Your Continuing Eligibility
In most cases, you will continue to receive benefits as long as you are disabled. However, there are certain circumstances that may change your continuing eligibility for disability benefits. For example:
- your health may improve to the point where you are no longer disabled or
- like many people, you would like to go back to work rather than depend on your disability benefits.
The law requires that we review your case from time to time to verify that you are still disabled. We tell you if it is time to review your case and we also keep you informed about your benefit status. You also should be aware that you are responsible for letting us know if your health improves or you go back to work.
Reviewing Your Disabilities
In general, your benefits will continue as long as you are disabled. However, the law requires that we review your case periodically to see if you are still disabled. How often we review your case depends on whether your condition is expected to improve.
If medical improvement is:
- "Expected," your case will normally be reviewed within six to 18 months after your benefits start.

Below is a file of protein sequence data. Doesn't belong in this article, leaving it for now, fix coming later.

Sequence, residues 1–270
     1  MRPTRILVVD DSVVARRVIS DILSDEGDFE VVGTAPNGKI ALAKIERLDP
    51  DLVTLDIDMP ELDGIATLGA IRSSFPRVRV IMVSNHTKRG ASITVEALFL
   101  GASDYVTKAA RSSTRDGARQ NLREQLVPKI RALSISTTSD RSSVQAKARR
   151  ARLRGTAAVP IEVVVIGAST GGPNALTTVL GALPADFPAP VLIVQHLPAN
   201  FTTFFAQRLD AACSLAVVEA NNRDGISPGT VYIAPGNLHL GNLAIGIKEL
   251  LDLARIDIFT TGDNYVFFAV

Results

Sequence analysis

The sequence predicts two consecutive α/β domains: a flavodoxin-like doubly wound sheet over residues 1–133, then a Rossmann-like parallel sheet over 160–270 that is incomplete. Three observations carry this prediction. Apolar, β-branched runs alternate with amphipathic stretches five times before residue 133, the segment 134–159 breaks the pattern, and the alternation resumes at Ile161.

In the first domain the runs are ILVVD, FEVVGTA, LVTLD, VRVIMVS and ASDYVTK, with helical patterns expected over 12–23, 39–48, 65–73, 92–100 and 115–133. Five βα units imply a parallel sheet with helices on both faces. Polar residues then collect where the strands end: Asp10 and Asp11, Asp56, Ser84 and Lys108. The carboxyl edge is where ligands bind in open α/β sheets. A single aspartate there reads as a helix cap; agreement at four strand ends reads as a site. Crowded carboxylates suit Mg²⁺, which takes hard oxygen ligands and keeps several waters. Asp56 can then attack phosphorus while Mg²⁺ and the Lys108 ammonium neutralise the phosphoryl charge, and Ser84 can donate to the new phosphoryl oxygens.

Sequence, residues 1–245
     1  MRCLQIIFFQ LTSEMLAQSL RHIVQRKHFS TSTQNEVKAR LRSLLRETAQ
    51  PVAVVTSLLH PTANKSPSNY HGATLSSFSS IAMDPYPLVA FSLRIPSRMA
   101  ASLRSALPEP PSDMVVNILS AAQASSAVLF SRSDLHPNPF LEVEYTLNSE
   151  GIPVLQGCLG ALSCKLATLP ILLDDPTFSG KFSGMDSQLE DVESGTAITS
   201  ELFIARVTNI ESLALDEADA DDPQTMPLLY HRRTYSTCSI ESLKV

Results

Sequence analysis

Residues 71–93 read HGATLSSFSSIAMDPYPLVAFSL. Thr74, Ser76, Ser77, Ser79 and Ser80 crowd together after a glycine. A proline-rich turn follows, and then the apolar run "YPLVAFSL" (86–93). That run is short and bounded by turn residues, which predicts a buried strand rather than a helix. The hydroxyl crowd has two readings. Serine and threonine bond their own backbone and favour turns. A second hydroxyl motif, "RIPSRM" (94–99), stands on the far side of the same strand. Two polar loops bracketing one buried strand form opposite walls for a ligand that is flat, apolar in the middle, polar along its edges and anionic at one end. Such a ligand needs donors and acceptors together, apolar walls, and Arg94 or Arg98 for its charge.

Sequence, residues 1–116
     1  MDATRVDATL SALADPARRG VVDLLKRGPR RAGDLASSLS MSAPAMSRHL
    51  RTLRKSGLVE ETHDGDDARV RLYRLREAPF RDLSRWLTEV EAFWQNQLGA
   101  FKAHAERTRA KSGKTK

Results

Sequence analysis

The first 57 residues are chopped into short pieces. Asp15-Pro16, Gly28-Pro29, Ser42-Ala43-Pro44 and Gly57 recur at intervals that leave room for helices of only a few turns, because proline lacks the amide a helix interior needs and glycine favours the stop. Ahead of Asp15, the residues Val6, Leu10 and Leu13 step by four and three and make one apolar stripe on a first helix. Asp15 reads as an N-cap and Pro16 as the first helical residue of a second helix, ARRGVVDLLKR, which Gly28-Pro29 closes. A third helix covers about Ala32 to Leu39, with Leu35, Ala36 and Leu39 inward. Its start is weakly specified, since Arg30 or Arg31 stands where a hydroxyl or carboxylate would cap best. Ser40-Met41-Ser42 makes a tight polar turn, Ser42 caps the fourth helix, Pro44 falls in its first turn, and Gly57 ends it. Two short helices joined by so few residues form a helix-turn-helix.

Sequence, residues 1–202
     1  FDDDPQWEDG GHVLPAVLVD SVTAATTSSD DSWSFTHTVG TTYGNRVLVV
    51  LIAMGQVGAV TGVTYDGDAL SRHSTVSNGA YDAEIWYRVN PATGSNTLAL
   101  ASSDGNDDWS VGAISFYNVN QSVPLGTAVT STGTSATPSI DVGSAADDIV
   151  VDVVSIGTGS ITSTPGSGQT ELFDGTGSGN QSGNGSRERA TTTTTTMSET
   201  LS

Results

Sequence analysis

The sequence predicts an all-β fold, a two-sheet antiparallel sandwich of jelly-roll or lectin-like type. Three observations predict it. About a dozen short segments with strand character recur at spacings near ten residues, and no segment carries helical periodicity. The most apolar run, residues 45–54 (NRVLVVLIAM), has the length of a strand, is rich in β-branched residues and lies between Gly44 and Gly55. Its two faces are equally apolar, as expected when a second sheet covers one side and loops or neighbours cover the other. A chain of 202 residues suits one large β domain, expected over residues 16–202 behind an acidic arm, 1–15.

- "Possible," your case will normally be reviewed no sooner than three years.
- "Not expected," your case will normally be reviewed no sooner than seven years.
What Can Cause Benefits to Stop?
Two things can cause us to decide that you are no longer disabled and to stop your benefits:
Your disability benefits will stop if you work at a level we consider "substantial."
In 2018, average earnings of $1,180 or more per month ($1,970 or more per month if you are blind) are usually considered substantial.
- Your disability benefits also will stop if we decide that your medical condition has improved to the point that you are no longer disabled.
You are responsible for promptly reporting any improvement in your condition, if you return to work, and certain other events as long as you are receiving disability benefits. Page 11 of the booklet we send you when your application is approved explains what you need to report to us.
If You Go Back To Work
If you're like most people, you would rather work than try to live on disability benefits.
There are special rules that help you keep your cash benefits and Medicare while you test your ability to work. We call these rules "work incentives." Work incentives include, but are not limited to, continued monthly benefits and Medicare coverage while you attempt to work on a full-time basis.
For more information about Social Security work incentives, read Working While Disabled: How We Can Help.